• Interestingly, the prevalence of angina and stroke were lower in both Chinese men and women, especially in the latter group.

The high levels of cardiovascular mortality and morbidity in ethnic minority groups has been under much scrutiny. There are a number of theories as to what is the cause for the observed differences, including genetic variation and dietary influences. It is suggested that the risk factor profile is different in terms of intensity and prevalence, for example:

  • Diabetes mellitus:
    The 1999 and 2004 surveys both reported that the prevalence of diabetes is greater in men than women. The observed prevalence was markedly higher in Bangladeshi, Pakistani, Indian and Black Caribbean patients.[4] For the Bangladeshi and Pakistani population this represents an almost five times higher prevalence than the general population. There were no significant changes between the prevalence rates when the two surveys were compared. The prevalence of diabetes mellitus in Black Caribbean men was also similar to Indians. However, Black Caribbean women were noted to have the highest prevalence of diabetes mellitus amongst all women.
  • Hypertension:
    In the Health Survey for England 2001, the prevalence of hypertension was reported as over 25% in those over 40 years of age and nearly 50% in those aged 80 or over in the general population.[7] Hypertension is more frequently encountered in ethnic minorities, although differences do not reach statistical significance.[8] The average blood pressure is different in the differing ethnic groups. Another difference is the development and presence of target organ damage - for example, Black Caribbean patients have an increased prevalence of left ventricular hypertrophy (a predictor of mortality and morbidity independent of other risk factors).[7]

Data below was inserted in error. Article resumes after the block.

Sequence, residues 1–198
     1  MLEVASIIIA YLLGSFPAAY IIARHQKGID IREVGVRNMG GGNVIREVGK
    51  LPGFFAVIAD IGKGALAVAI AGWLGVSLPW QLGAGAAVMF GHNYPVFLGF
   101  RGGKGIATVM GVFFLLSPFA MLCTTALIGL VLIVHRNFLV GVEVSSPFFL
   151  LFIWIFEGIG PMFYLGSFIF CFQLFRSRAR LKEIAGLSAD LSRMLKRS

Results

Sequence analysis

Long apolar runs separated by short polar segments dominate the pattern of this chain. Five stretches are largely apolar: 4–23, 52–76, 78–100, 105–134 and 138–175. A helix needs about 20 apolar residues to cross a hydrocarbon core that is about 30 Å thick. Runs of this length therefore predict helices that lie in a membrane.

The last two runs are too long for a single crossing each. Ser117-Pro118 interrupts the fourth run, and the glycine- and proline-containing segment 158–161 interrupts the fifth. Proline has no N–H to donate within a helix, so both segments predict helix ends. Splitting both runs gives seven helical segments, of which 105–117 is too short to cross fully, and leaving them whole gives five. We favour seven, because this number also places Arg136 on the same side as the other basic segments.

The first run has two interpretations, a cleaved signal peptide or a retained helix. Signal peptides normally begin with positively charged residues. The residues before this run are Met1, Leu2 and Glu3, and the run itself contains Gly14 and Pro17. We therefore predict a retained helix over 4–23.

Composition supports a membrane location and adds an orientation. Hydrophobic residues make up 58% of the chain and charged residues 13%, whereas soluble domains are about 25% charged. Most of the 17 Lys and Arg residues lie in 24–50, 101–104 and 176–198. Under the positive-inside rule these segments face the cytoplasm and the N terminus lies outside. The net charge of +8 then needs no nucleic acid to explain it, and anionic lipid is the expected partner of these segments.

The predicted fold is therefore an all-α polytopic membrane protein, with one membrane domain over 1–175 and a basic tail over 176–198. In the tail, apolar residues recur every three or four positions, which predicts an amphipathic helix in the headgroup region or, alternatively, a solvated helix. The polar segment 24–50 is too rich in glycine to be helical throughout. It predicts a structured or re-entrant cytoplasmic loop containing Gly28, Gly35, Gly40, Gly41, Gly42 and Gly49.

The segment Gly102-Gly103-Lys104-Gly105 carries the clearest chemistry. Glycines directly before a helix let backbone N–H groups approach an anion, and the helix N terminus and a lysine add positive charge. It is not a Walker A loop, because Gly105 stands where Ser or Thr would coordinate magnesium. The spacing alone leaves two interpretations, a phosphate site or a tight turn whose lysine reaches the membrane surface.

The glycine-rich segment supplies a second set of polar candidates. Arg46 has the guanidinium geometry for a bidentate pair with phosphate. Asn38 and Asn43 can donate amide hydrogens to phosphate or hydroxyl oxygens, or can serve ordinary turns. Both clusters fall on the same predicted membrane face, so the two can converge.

• Hyperlipidaemia:
    There is no clear evidence that a difference in lipid levels exists between ethnic minorities.[9] Despite this, plasma lipid concentrations are greater in patients of South Asian descent (ie from the Indian subcontinent and East Africa). This may explain the differences in prevalence of cardiovascular disease seen between them and the Black Caribbean population. Black Caribbean populations appear to have higher high-density lipoprotein (HDL) fractions and lower triglycerides, whereas Pakistani and Bangladeshi men are more likely to have low HDL levels. It is postulated that these changes probably represent genetic variations, eg polymorphism of hepatic lipase genes.[10]
  • Obesity:
    In the 1999 UK health survey, obesity and raised waist-hip ratio were higher in those with cardiovascular disease, and more so in Indian and Bangladeshi women.[4]
  • Smoking:
    Smoking levels in men of ethnic minorities is similar to the general population with a reduction in smoking rates since 1999. The use of chewing tobacco is higher in people of Bangladeshi background, but the rates appear to have decreased in the 2004 survey.

Other theories include:

  • The pattern of atherosclerosis is thought to be different in African American and Caucasian patients - but this remains inconclusive. Levels of C-reactive protein (CRP), an inflammatory marker, appear to be higher in ethnic groups and it has been independently associated with cardiovascular disease, although the part it plays in the pathophysiology of atherosclerosis is still poorly understood.[9] Despite this, the 2004 survey did not report any differences in CRP in ethnic minorities compared with the general population.